A New Player in the Return to the Moon
Alexandra Hall is the Senior Director of the Google Lunar XPRIZE
If all goes according to plan, the moon will soon have its first surface visitor after a three-decade lull. In August 1976, the Soviet unmanned spacecraft, Luna 24, touched down softly on a mission to retrieve some lunar rocks and soil. Since then, humans have only sent spacecraft to orbit or crash into the moon. This is set to change in December 2013, with the anticipated launch of Chang’e 3, China’s first lunar lander. Because of this latest development, those very familiar with the $30 million Google Lunar XPRIZE have started to ask about an original clause in the competition – the “government landing penalty.”
Some background: When the Google Lunar XPRIZE was announced in 2007, it had been informed by a study that suggested that private lunar exploration could be incentivized by a prize and would attract perhaps a dozen teams and take five years. In order to incentivize early investment in the teams and get the competition moving on a rapid timescale, a “government landing penalty” was incorporated into the Google Lunar XPRIZE rules, which would reduce the Grand Prize by $5 million if a government landing occurred prior to a Google Lunar XPRIZE landing.
For this fledgling private lunar exploration industry to become a reality and attract investors, a motivator was deemed necessary for teams to address some of the technology, efficiency, and cost issues on an aggressive timeline. This would allow for adoption of some of their innovations in future government projects that were, at the time, being explored by many different nations. Such early governmental customers would help the financial stability of teams and accelerate the pace of private space exploration.
Indeed, NASA subsequently created a program to purchase data related to such technology innovations from teams in order to use it to inform U.S. lunar mission development.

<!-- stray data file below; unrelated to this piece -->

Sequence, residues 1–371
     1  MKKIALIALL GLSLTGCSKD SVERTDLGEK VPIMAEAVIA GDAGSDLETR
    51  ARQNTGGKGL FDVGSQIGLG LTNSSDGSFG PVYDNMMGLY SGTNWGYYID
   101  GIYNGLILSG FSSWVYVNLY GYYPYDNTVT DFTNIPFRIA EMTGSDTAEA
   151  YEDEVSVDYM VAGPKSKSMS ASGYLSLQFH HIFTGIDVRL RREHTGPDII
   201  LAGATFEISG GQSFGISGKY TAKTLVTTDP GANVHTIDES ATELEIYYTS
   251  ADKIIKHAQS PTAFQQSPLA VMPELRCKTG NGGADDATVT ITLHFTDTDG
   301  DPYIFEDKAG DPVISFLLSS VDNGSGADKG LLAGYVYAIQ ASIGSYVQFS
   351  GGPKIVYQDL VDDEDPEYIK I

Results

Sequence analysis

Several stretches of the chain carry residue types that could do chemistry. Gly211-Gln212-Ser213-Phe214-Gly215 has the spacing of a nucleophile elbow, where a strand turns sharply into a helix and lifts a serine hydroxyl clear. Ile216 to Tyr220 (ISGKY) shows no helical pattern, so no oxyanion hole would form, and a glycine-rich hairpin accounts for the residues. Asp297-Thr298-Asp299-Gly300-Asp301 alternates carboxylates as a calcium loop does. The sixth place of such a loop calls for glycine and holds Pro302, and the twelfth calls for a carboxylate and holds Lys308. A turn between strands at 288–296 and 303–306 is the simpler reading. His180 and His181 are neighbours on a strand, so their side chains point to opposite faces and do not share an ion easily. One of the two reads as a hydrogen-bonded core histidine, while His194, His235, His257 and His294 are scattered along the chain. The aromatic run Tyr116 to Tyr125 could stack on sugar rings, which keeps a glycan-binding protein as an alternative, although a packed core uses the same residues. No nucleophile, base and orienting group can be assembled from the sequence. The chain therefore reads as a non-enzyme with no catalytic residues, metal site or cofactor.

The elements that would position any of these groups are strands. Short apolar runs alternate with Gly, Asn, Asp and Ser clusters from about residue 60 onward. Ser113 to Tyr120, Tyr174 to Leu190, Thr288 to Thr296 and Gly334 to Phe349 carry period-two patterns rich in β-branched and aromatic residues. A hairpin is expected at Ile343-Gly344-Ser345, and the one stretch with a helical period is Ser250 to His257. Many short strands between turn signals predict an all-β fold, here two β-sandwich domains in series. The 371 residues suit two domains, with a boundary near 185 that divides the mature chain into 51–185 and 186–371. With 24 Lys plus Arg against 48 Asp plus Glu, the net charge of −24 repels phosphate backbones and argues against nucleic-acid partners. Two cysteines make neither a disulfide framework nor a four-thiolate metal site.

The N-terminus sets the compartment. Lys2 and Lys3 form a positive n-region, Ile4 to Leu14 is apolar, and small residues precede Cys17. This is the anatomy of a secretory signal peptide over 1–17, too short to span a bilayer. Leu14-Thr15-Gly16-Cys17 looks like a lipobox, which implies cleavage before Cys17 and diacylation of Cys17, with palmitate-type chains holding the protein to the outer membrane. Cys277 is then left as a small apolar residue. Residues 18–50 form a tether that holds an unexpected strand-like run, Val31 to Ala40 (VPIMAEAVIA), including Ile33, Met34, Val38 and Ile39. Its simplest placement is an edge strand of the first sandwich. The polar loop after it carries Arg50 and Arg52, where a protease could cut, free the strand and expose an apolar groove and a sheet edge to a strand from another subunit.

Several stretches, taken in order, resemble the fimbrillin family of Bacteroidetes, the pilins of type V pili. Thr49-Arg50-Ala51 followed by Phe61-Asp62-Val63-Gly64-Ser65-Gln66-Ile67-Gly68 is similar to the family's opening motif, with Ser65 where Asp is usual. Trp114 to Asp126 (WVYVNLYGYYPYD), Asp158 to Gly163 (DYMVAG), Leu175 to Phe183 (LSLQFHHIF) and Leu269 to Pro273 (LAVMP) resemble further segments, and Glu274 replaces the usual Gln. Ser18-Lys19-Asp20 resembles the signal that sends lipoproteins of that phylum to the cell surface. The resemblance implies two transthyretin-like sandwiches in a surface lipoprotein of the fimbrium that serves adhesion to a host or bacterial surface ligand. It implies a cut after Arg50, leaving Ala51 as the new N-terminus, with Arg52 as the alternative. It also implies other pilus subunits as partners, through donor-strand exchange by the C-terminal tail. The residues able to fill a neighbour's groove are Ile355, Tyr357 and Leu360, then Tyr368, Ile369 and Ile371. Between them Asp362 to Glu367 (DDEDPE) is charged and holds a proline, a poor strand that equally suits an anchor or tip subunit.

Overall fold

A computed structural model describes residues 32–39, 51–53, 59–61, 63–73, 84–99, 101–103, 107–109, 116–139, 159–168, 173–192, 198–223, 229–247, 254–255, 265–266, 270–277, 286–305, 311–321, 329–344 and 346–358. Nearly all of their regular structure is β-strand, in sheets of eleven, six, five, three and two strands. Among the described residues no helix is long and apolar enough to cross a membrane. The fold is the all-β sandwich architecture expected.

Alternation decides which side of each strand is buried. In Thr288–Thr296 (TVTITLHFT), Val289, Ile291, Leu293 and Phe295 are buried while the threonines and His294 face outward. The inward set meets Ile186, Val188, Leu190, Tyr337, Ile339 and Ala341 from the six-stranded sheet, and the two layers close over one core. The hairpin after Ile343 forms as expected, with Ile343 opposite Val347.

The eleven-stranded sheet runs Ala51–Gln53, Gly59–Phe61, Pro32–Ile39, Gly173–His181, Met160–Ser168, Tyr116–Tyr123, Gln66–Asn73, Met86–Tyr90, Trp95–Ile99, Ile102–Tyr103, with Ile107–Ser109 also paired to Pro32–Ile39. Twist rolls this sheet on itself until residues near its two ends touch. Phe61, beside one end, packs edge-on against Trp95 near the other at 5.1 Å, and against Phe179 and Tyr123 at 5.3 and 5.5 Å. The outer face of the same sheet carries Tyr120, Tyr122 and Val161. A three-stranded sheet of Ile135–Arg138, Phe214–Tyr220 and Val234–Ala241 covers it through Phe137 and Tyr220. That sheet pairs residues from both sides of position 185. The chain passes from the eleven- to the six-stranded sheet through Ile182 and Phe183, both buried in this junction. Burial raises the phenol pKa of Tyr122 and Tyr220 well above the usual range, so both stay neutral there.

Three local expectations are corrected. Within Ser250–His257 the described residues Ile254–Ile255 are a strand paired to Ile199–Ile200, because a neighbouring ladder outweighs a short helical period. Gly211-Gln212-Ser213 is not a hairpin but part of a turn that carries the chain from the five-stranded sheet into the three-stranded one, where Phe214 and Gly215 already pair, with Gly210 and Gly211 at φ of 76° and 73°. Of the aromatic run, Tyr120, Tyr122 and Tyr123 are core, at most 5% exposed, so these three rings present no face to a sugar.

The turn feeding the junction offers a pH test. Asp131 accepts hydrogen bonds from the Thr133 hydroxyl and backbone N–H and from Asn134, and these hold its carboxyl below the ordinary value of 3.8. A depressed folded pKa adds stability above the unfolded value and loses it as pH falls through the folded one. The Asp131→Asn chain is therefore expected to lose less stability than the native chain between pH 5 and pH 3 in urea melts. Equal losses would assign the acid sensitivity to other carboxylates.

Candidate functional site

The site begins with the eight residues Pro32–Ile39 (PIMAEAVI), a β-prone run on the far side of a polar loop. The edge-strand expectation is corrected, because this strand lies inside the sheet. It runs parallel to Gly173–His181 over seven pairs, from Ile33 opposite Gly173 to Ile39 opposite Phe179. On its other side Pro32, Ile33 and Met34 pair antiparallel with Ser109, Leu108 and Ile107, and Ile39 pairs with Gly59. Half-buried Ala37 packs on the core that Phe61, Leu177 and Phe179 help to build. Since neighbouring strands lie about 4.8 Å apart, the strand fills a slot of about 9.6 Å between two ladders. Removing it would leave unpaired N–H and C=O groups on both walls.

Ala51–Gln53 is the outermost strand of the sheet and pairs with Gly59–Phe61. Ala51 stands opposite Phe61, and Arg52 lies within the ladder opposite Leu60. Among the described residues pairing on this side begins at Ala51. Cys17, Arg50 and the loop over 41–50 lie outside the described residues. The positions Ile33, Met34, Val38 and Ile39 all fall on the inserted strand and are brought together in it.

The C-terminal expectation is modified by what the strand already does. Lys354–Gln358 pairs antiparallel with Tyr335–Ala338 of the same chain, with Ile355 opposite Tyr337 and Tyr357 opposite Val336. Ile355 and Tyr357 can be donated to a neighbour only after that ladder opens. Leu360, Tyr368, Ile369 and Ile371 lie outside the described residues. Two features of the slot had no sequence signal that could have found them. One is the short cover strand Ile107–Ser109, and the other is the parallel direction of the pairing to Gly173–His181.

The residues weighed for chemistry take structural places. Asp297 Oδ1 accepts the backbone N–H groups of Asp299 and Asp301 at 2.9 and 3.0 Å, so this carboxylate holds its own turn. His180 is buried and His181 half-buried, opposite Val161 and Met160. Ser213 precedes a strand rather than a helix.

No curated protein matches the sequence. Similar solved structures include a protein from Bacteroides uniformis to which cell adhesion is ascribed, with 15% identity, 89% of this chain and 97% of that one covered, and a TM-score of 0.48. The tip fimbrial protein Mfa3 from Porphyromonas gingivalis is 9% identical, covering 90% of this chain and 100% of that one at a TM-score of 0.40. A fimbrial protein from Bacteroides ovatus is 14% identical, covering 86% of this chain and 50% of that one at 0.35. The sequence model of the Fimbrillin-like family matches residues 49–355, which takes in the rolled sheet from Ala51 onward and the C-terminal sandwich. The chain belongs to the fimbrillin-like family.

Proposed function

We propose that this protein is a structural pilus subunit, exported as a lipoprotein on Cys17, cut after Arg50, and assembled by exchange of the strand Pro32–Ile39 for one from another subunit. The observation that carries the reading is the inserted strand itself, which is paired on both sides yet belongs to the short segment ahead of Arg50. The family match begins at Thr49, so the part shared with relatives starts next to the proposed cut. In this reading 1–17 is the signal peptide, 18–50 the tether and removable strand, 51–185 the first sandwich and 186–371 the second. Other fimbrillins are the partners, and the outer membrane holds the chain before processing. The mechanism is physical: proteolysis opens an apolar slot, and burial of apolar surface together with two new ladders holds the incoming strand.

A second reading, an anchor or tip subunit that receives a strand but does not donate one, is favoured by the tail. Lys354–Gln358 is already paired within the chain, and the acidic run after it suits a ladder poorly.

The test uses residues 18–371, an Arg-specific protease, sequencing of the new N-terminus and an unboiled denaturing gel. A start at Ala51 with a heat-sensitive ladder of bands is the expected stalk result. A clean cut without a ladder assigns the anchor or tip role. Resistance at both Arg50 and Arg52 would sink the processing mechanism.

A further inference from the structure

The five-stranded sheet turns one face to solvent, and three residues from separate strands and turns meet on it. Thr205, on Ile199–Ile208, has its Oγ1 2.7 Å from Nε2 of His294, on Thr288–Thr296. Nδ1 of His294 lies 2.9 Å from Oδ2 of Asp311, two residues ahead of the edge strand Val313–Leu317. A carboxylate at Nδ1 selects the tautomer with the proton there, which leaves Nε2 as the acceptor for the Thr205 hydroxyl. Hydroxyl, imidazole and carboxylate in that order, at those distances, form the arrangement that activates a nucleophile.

It was further recognized that for the Google Lunar XPRIZE to have the public inspirational impact that was desired and attract the media and sponsor interest needed to help teams raise funds, it should be a privately funded Google Lunar XPRIZE team that would be landing first on the moon after more than three decades. So there were good reasons to include this penalty clause.
But circumstances change. The U.S. is no longer pursuing the moon as a primary goal, and the space agency budgets for other countries have been affected by the global economic downturn. The deadline for the prize was extended to accommodate the financial and commercial realities that teams were facing as a result of these changes.
Recently, we had the opportunity to address the original government landing clause as part of the adoption of a new Master Team Agreement that was necessitated by the new Milestone Prizes. The decision was made that the government landing penalty no longer served any useful purpose and it was removed.
Our teams have managed to keep their dreams alive, build partnerships, raise funds and see successes in a much more challenging global, economic, and political environment than was originally foreseen. In the same way, a government landing is still a key piece of the Google Lunar XPRIZE story, but also no longer as originally envisioned.
It now looks likely that our teams will no longer be the first to land on the surface of the moon in this century, but they will all be watching intently at China’s attempt. Regardless of whether it is successful or not, Chang’e 3 will actually raise the profile of the moon again in both the public consciousness and among governments, addressing – albeit in a completely different way – the same factors as that original penalty. It is possible that this increasing interest the moon will have positive financial impact on the teams.
At the end of the day, the Google Lunar XPRIZE views China’s attempt to reach the lunar surface as a complementary effort as our teams approach the final two years of the competition. So whoever reaches the moon first, more eyes will be looking up at a story still unfolding.